I’ve been meaning to write this article for a couple of weeks now. I’ve spent several days thinking it out in my head, but never got a chance to put it on paper. Things kept getting in the way. Then I had the bright idea of posting a story about old houses and I spent the last two days fielding questions. (Don’t get me wrong, I love it. I was not prepared for the onslaught of questions. For the most part, it was a lot of fun.) So finally, I am just sitting down to write this on Sunday morning.
Several weeks ago, my daughter, Corliss, sang at the Episcopal Church on Fieldcrest. She was with her vocal jazz group from Emmet Belknap, and they were accompanying the Lockport Chorale group. They each performed separately, and then they did some songs together. One of the songs they sang at the very end, was very familiar to me. “Side By Side” was a song that I heard many times at my grandmother’s house.
The song was written in 1927 by Harry Woods, and made popular by Kay Starr and Brenda Lee. The version that I remember the clearest was the Ray Charles and Betty Carter duet. My grandmother adored Ray Charles. He was a piano player. She was a piano player, so I guess it was natural for her to have some Ray Charles records hanging around.
When I stayed there, she occasionally would open the console record player and put on a pile of records to play throughout the day. Inevitably, Ray Charles would be in the stack, along with Chicago, Billy Joel, and Chuck Mangione. I was introduced to some pretty darn good music as a kid. To make it even better, she sometimes would sit down at the piano and play some of her favorite songs.
I would lean on the edge of the piano watching and listening. Sometimes, she would play some songs I really liked, such as the “Woody Woodpecker Theme” or anything from the Muppets. Still, I learned to love other music by watching and listening to her play. It was how I was introduced to George Gershwin, particularly, “Rhapsody in Blue.” It is still one of my favorite classical jazz compositions.
Once in awhile, she would record us sitting at the piano, her playing and both of us singing along. One of the songs we would sing along to was her playing “Side By Side.” So, when Corliss and the vocal groups started the song, I sat up a little bit straighter. I knew the words and I sang along with them. Not loudly, though. People really don’t want to hear me sing.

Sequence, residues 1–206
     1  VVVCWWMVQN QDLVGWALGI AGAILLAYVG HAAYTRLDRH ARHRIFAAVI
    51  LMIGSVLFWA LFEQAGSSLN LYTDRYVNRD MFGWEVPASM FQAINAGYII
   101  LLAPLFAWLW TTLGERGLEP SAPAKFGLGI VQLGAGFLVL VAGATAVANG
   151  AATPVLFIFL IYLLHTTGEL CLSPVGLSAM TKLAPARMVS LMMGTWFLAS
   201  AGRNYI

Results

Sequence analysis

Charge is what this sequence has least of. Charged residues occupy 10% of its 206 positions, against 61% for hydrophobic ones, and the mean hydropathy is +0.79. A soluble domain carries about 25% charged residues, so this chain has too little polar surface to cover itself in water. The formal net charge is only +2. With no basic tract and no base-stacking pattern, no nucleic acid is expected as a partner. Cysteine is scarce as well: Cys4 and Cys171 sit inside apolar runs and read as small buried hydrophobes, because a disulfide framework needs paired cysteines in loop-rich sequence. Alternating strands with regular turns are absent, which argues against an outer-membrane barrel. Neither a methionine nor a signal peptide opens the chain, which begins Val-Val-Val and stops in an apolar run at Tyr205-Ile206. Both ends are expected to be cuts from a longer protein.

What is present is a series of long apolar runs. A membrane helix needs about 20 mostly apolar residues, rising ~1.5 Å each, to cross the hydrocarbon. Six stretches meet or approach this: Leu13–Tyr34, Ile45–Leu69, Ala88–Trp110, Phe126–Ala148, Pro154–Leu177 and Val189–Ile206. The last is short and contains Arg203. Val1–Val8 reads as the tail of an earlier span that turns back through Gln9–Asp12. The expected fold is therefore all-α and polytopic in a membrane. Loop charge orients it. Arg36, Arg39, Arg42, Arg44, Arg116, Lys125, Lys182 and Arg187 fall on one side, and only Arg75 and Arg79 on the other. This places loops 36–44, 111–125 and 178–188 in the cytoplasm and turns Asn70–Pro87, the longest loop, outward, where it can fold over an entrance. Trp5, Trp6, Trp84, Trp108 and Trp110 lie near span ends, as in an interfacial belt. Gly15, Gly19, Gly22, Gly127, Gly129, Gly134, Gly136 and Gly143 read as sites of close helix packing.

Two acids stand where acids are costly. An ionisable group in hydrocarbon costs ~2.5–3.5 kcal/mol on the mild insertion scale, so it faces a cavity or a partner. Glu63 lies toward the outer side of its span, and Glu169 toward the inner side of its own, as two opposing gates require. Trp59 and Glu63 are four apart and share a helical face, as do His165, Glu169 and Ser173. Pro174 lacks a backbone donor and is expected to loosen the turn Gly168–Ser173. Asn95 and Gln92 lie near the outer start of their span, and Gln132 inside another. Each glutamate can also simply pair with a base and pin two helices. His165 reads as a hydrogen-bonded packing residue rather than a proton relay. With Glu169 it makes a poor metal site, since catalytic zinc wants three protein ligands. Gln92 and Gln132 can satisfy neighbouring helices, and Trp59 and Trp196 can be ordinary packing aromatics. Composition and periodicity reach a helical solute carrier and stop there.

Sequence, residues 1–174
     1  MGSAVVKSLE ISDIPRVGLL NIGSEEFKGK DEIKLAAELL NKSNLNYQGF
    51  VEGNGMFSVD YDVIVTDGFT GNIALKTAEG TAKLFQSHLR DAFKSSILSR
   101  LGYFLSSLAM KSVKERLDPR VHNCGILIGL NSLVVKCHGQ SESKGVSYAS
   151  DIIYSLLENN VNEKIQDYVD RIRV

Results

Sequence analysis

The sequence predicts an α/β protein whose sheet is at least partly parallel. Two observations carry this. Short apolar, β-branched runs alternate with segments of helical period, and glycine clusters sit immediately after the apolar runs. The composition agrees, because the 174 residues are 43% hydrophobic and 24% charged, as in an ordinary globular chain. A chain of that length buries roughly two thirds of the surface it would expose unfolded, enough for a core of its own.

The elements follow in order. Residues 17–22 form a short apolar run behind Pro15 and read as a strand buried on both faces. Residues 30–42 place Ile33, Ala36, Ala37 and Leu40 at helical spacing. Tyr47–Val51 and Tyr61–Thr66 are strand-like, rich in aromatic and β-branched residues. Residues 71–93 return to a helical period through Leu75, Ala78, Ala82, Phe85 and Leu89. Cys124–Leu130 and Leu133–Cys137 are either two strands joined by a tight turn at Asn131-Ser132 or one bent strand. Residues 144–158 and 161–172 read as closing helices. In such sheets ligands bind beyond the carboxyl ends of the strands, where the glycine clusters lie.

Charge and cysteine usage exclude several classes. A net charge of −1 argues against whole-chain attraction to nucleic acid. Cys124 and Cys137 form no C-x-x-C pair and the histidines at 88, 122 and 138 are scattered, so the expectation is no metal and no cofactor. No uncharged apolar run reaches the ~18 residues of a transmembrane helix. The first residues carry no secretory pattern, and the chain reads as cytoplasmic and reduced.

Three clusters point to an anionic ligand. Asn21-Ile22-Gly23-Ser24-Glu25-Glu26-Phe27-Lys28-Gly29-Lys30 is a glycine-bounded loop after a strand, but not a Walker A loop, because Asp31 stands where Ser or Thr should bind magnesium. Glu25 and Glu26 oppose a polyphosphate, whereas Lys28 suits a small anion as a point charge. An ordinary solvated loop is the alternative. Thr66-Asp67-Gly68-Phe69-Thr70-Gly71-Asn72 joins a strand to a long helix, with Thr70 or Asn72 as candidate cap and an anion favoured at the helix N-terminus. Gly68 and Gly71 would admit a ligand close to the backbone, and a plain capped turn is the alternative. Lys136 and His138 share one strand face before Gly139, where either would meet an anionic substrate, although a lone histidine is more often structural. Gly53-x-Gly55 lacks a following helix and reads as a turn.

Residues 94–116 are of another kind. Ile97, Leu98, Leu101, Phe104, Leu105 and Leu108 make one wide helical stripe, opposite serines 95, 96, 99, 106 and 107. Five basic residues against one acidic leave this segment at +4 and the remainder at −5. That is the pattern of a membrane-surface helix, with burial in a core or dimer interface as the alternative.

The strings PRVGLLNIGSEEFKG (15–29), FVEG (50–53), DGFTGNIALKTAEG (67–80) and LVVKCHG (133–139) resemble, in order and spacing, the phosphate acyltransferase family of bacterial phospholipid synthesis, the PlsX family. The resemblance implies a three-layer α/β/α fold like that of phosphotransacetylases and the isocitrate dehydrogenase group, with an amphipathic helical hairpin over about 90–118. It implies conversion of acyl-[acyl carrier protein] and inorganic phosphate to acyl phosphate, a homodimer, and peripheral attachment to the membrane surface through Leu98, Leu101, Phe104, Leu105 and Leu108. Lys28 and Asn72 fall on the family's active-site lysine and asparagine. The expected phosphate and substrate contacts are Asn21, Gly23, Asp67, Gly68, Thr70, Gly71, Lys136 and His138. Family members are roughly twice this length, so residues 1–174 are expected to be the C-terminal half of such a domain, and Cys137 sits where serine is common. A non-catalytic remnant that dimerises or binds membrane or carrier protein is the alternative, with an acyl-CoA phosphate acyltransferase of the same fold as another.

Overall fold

Not only did I have a flashback to those halcyon days, I thought of how much grandma would have loved to hear her great grandchildren sing along to some of her favorite songs. Unfortunately for them, by the time they were old enough to appreciate it, she had mostly given up playing the piano. She did give the twins a little show of her talents when we first got our piano. They were enthralled. And they still love music to this day.
My mother gave me a box last year of some cassette tapes. They were from my grandmother’s house, and she found them while cleaning out. My grandmother kept the tapes we made when we were at the piano. I haven’t listened to them yet, but I really need to transfer them to another medium before they are lost forever. I’m almost afraid to listen to them in case they break. It’s been years since they’ve been run.
I bet the girls would have fun listening to them. Of course, they would also probably make fun of the way I sounded at seven, eight, even thirteen years old. I know I’ll either laugh or cringe. Either way, I’m glad she kept them.
It’s amazing what one song can do. The idea of music is to evoke an emotional response. The songs performed by the Emmet Belknap Choral Jazz and the Lockport Chorale definitely did that. Memories came flooding back. Memories of some great times bonding with my grandmother over music. It was a mutual love.
Craig Bacon listened to Leonard Bernstein perform “Rhapsody in Blue” with the New York Philharmonic while writing this article. He loves to write and it shows.